Sanny Builder supports writing a raw content in an output file. All values within this construct are written in an output file without any checks.
<any hexadecimal numbers>
hex04 00 02 0800 04 01end
This sequence of bytes is the compiled version of the opcode
0004: $2 = 1, so the game will correctly read it and set the value of the variable
You must specify each byte you're going to write with two digits. All spaces are ignored. The compiler treats any two digits with a space between them as a single byte value. A single digit (
0..F) is prefixed with
0. So, for example, a sequence of three letters
A B C will be compiled as the number
:get_offsethex04 00 02 $PLAYER_CHAR 01 @get_offsetend
This is the exact copy of the opcode
0004: $PLAYER_CHAR = @get_offset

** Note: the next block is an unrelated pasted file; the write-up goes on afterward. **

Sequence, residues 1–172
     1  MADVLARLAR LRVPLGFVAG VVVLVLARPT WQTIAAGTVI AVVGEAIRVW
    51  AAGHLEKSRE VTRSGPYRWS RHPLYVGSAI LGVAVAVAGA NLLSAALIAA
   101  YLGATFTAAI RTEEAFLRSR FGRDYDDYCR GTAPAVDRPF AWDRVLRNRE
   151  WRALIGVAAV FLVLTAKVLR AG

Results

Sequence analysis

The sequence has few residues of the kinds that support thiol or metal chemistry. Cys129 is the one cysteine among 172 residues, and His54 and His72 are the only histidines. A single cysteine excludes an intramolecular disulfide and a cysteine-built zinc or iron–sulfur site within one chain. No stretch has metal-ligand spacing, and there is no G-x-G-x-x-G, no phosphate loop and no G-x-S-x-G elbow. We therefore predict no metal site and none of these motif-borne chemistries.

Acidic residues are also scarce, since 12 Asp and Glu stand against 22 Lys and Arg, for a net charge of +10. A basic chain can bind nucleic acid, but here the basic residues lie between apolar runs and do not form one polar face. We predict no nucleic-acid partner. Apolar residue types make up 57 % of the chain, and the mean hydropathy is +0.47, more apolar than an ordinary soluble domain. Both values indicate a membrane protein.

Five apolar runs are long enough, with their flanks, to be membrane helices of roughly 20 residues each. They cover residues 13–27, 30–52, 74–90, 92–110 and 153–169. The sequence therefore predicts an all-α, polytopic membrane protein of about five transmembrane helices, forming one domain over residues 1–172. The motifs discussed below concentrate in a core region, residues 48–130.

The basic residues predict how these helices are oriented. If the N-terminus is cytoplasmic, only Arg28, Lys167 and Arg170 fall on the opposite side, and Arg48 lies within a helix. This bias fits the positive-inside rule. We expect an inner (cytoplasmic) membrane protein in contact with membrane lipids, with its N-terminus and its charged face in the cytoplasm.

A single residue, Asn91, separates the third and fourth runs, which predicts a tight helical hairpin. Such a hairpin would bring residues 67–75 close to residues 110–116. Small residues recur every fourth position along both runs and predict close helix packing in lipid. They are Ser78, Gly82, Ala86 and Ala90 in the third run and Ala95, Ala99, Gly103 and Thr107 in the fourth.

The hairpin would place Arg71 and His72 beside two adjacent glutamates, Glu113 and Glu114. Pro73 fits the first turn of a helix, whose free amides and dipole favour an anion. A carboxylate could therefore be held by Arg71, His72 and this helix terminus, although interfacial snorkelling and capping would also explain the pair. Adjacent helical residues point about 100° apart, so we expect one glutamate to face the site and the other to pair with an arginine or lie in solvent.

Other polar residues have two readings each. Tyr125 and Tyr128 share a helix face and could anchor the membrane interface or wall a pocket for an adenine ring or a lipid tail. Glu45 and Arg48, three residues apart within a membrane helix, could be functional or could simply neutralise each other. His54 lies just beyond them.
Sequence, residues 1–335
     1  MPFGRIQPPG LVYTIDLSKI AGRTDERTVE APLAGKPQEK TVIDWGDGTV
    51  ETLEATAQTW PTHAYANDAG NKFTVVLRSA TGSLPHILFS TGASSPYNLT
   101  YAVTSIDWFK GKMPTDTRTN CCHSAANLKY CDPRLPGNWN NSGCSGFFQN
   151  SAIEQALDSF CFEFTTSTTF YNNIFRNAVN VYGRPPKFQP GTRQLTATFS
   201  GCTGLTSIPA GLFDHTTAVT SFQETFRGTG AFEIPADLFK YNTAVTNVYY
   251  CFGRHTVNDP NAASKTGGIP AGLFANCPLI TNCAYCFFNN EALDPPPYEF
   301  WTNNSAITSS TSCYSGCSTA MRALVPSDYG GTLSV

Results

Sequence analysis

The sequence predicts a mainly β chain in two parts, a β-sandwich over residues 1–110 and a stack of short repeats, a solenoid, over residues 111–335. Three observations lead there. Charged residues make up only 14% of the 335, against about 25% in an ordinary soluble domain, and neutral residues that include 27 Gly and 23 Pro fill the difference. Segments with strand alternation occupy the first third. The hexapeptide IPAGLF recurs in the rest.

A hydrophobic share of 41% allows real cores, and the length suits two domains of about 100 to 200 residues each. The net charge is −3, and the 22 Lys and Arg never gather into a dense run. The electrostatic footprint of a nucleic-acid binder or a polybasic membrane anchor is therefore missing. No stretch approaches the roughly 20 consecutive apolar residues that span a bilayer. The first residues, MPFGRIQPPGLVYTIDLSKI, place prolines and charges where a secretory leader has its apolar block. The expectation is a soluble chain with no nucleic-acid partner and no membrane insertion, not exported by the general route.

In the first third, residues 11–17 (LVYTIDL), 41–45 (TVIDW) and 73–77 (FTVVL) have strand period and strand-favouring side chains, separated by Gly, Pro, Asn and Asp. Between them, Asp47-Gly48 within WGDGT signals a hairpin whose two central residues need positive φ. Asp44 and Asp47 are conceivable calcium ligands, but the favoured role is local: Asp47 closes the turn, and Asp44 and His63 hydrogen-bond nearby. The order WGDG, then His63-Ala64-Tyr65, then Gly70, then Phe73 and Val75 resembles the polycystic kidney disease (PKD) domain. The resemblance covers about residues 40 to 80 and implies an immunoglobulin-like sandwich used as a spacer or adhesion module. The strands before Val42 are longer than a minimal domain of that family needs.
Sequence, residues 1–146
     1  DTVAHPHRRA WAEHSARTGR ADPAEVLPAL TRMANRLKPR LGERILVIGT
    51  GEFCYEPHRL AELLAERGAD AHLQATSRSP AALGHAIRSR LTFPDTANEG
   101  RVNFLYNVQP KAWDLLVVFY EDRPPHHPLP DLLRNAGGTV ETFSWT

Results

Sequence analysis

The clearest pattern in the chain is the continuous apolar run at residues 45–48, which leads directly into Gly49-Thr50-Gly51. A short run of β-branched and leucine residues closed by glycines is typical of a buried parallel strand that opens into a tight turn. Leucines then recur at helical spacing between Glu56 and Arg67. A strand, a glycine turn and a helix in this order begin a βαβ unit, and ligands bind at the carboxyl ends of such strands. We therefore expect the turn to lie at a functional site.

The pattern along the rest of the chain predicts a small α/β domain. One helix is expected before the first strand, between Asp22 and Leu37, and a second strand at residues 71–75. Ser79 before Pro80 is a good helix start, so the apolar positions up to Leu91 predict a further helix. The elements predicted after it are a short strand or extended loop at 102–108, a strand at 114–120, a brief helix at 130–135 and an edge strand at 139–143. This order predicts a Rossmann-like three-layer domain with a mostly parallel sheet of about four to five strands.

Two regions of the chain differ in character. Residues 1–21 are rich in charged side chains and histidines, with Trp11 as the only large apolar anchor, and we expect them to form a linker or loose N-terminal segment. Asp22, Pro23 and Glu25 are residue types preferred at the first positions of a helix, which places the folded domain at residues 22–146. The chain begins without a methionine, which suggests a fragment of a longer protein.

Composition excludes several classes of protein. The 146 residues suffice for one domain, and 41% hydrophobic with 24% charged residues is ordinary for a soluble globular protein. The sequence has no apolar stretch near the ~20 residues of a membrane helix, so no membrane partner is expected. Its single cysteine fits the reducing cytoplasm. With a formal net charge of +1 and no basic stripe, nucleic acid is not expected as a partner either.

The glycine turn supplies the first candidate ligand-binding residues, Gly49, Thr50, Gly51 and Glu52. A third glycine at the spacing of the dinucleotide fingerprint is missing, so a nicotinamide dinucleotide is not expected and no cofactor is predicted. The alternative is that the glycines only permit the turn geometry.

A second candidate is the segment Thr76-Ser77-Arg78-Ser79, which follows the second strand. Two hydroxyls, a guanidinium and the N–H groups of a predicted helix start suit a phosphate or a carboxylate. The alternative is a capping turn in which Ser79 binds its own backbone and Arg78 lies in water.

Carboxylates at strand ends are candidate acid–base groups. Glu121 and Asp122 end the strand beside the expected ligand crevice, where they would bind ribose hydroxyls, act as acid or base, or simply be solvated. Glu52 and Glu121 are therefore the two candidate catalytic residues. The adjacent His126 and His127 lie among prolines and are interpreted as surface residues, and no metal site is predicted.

A string literal enclosed in double quotes is compiled as a sequence of characters.
hex"This is a string"end
The following escape sequences are supported within a string literal:
Numeric escape sequence
It produces the following sequence of bytes:
00 08 09 0A 0D DD.
Currently multiple spaces in a string literal are converted into a single one. Thus a line
"This is a string" is converted into
"This is a string". Use the backward slash character
\ to add multiple spaces in a string literal:
"This \ \ \ is \ a \ \ \ \ string".
Also you can use the aDMA data type to write a numeric constant in an output file. The number after the
& sign can be both positive or negative, decimal or hexadecimal.
This example produces the following sequence of bytes:
E8 03 00 CB 5C FF.